Puppet causes laughter in court


"Why are we here?" Missing asked Koch as photographers and television cameras focused on him.

"We are here because you say things on Twitter," Koch said to Missing.

Dressed in a striped suit and red and white tie, Missing looked at journalists, and then turned to Koch.

"Me? No its you... I don't write my tweets!

"We need to consult... where is our lawyer Dario [Milo]? Our lawyer's name sounds like a drink! Who gets represented by a hot chocolate?" said the puppet, rousing giggles among journalists and onlookers.

Missing was brought into the courtroom followed by cameras.

"What a lot of wood..." he said as he looked around the courtroom decor.

Koch is challenging Afrikaans singer Steve Hofmeyr's interim protection order against him.

Hofmeyr secured a court order earlier this month against Koch to prevent his puppet from "harassing" the singer on Twitter.

The order prevents Koch from threatening, harassing, or making defamatory statements against Hofmeyr.

He was also not allowed to tag him on social media websites or mention him in television and radio interviews.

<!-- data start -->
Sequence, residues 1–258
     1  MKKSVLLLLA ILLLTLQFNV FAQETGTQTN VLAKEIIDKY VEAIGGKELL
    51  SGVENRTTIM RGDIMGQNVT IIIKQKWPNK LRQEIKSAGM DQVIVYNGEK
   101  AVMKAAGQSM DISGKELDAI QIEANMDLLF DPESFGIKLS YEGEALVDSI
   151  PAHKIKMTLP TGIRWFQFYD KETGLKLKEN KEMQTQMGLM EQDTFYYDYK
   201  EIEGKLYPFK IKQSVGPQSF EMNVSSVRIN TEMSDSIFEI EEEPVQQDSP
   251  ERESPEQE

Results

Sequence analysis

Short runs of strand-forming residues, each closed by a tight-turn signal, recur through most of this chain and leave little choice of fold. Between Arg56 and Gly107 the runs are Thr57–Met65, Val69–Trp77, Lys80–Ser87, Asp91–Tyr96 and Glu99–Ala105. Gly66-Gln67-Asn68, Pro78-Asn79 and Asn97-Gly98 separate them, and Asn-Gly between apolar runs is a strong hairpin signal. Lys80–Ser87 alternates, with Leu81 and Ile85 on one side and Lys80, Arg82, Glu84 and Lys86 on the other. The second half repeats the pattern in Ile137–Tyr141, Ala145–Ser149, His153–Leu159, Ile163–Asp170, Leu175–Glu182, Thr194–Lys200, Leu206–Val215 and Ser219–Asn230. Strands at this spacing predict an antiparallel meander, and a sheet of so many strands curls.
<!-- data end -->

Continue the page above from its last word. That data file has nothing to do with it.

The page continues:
Two of Koch's opinion pieces were blacked out in Sunday's City Press, one written by himself and one as Missing.

Hofmeyr said in a tweet on October 23: "Sorry to offend but in my book blacks were the architects of apartheid. Go figure."

In a column in The Times titled "Dear white supremacists..." Koch questioned supermarket group Pick n Pay and Land Rover sponsoring the "Afrikaans is Groot" festival, at which Hofmeyr would perform.

Hofmeyr recently had a sponsored bakkie withdrawn by Williams Hunt in Port Elizabeth after the tweet.

Hofmeyr has previously created controversy by singing the full version of "Die Stem" at his shows.

The song was composed by poet CJ Langenhoven but is better known as the apartheid-era national anthem.

A reworked excerpt was included in the new national anthem after the 1994 democratic elections.

Hofmeyr was not in court.


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